Diabetes is a chronic condition that develops when your pancreas is unable to produce insulin sufficiently, or when your body becomes less sensitive to the insulin you produce. Without insulin, it is very easy for the glucose (sugar) levels in your blood to get out of control. This is why when you have diabetes, controlling your blood sugar levels is at the heart of managing your condition.
If you don’t control your blood sugar effectively, it could lead to further complications such as eye damage, cardiovascular disease, kidney failure, nerve damage, skin and gum infections, joint problems, and diabetic coma. Here are some of the top treatment options for controlling blood sugar.
Changing your diet is usually one of the first steps you make once you are diagnosed with diabetes. One of the best ways to formulate a healthy diabetes diet is to concentrate on low glycemic index (GI) foods, because these are the least likely to increase your blood sugar. Some examples of good low-GI foods include steel cut oats, non-starchy vegetables, beans, and stone-ground wheat. You should avoid foods that have high GI levels, including white rice, white bread, popcorn, instant oatmeal, and pumpkin.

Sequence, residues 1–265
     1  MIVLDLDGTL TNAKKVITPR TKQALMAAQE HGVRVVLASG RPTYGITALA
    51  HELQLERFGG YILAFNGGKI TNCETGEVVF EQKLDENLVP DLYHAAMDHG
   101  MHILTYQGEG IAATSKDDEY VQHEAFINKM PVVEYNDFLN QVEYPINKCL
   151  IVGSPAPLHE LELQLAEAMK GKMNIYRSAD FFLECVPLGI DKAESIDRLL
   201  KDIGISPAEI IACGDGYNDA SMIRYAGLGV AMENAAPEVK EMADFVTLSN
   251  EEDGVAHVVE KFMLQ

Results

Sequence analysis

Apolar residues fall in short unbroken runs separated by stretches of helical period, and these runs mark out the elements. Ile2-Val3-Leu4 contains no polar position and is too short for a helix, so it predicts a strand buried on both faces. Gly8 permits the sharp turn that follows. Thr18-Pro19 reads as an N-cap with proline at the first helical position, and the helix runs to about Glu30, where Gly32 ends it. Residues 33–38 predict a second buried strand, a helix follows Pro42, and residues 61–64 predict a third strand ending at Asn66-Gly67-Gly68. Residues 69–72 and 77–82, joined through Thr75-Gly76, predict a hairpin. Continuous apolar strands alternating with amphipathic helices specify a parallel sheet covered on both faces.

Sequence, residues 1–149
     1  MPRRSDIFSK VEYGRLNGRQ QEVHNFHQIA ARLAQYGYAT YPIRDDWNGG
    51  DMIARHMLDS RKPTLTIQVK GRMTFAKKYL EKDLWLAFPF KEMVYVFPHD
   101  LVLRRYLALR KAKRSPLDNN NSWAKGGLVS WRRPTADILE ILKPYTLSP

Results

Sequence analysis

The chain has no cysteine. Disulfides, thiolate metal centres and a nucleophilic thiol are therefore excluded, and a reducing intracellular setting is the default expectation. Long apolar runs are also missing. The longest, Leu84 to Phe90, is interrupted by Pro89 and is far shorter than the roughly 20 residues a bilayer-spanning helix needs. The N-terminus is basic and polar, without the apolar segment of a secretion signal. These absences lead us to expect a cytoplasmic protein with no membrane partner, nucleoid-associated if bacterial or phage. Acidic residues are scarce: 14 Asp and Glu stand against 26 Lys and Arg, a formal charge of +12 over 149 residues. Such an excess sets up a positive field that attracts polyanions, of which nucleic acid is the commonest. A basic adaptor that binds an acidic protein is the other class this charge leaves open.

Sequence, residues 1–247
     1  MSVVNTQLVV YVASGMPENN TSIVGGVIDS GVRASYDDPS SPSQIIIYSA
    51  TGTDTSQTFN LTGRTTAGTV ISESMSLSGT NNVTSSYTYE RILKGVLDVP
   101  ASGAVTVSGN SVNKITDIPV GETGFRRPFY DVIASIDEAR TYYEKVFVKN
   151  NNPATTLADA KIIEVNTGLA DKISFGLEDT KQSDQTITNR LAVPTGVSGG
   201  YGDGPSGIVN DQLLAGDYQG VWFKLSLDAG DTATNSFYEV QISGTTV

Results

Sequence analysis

You should also try to limit junk foods and processed foods as well pay attention to portion control because overeating can lead to spikes in your blood sugar. For most people with diabetes, even losing just five or ten pounds can make a big difference in controlling and stabilizing it.
Monitoring Blood Sugar
Depending on your specific treatment plan, your doctor may recommend that you check and record your blood sugar levels several times a day. Checking your blood sugar before and after meals and exercise will give you a better idea of how well your treatment plan is working, as well as if you are successful at keeping your blood sugar within the target range.
Medications and Insulin Therapy
It is possible to achieve your target blood sugar levels with diet and exercise alone. However, many people also need diabetes medications and insulin therapy in order to effectively control it. There are many different types of diabetes medications that your doctor may prescribe, depending on your blood sugar levels and any other health problems you may have.
The most common medication prescribed for type 2 diabetes is metformin, but there is also sulfonlureas, meglitinides, thiazolidinediones, DPP-4 inhibitors, GLP-1 receptor agonists, and SGL T2 inhibitors. There are many different types of insulin therapy as well. Most insulin is delivered using a fine needle and syringe or an insulin pen injector to deliver insulin to your body.
After discussing the pros and cons of your different medication options with your doctor, you can decide which treatment plan will work the best for your health and your financial situation.